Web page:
House Party, an early access game on Steam from developer Eek! Games, is a bad video game. Your nameless player character will get stuck in walls, it’s misogynistic, and I’m pretty sure the only way to trigger an important event in the game – a fight between the straight edge, alcohol guardian Frank and the stereotypical bro character Patrick – is to essentially put in a command to end the fight or else wait for them to flail around endlessly. That all being said, I can’t stop playing House Party, and according to Steam, I’ve put almost 20 hours into it in only a few days. As crass as House Party is though, it’s got me thinking about the state of adult content in the video game industry and how it’s held at a double standard next to violent titles that feature gallons upon gallons of blood and gore.
In House Party, you play as a nameless male “protagonist” that’s invited to a party hosted by a woman named Madison (she has a sister named Ashley by the way, get it?) by your friend Derek. Your goal is to mingle with a small cast of characters to make friends and ultimately, get lucky. Like how it is in real life though – at least how it was for me, anyway – that’s easier said than done. Following classic adventure game logic, you’ll have to meet certain conditions and jump through huge logic hoops to win over the hearts of the parties’ guests.
If you want to, for the lack of a better term, “romance” a character named Katherine for example, you need to get her a drink, but all the alcohol is guarded by a bald headed, muscle bound gentleman named Frank. In order to win Frank’s trust and get some rum out of the liquor cabinet, you have to take a topless picture of Katherine, however Katherine won’t just strip in the middle of the party so you need to get her to move to a private area. You accomplish this by finding a cell phone jammer in the garage which, when turned on, will cause Katherine to move to a room by herself. Before you can take the picture, you have to find a camera and an SD card and should you take the camera while being seen, Frank will be sent to beat you down and it’s game over. Should you wish, you can spike Katherine’s drink which opens up an opportunity with another character, Stephanie, who will realize that she really likes to help people, but the end goal to both quests is the same: you get some.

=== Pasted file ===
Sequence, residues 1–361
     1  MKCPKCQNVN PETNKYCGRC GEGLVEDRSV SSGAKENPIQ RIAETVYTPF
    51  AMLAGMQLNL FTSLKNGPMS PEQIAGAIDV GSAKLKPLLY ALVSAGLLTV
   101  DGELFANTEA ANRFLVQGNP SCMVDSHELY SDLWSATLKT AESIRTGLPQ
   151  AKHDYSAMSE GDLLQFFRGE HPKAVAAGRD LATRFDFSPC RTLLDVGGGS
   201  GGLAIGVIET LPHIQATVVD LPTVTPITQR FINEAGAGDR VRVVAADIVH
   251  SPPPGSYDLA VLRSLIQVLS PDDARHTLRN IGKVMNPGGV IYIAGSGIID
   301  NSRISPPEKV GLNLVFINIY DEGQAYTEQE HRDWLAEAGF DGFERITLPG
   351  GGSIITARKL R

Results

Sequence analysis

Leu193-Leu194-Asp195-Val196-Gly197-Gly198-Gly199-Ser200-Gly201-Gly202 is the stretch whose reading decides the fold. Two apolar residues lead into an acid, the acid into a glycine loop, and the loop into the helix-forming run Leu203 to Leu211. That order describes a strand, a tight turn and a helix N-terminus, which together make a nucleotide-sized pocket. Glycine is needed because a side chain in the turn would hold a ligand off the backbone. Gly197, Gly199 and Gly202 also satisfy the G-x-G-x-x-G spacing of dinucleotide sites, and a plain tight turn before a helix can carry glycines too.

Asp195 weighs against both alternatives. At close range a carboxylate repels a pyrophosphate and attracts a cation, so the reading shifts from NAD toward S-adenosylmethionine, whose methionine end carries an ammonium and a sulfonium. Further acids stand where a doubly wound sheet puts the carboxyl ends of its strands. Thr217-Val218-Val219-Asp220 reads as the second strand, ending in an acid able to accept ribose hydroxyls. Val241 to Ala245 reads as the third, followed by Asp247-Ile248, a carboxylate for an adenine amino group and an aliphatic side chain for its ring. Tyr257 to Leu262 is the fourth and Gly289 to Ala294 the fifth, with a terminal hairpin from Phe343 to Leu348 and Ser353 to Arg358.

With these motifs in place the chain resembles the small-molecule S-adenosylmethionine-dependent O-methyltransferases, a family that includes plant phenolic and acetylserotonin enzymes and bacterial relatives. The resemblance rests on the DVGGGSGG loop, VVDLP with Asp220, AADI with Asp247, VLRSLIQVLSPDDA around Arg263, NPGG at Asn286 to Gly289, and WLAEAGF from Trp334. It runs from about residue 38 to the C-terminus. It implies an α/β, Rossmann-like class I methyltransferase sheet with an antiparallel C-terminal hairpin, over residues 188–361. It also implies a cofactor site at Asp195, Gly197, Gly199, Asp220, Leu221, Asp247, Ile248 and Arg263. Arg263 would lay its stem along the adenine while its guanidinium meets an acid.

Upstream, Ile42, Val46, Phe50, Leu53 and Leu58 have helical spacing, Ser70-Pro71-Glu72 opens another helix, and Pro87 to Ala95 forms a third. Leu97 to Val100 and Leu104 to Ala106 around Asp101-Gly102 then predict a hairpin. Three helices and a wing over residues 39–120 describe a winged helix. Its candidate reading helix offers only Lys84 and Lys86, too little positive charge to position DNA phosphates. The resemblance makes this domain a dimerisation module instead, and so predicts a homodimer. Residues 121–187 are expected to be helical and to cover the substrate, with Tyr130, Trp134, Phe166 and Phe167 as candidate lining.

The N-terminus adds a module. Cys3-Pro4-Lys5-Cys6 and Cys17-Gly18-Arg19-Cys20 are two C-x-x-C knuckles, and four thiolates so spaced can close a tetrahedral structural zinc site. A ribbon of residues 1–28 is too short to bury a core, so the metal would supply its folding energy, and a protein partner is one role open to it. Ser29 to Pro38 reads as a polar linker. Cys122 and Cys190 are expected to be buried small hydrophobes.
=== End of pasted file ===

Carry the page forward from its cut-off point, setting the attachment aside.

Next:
I came to learn about House Party when Danny and Arin, the co-hosts of the Let’s Play series Game Grumps started playing it one day. I found myself weirdly endeared by the game and couldn’t wait for each new episode to upload to see what path they would find themselves going down or what weird bug they would uncover. I also got way too much enjoyment out of the voice acting with my roommates and other friends who watched the series introducing ourselves with Frank’s trademark “how’s it going, dude?”
I don’t have that much experience with the adventure game genre having not grown up with a PC that could run any games really, but to me at least, playing House Party brings me back to the days of playing Maniac Mansion on the NES where the characters you took in your party changed the outcome of the game. I’m not comparing House Party to that masterpiece, not by a longshot, but that’s the feeling I get personally when playing it, and I just find myself falling down one rabbit hole after another wondering what I can do next or starting over to see how I can possibly hook up with another character.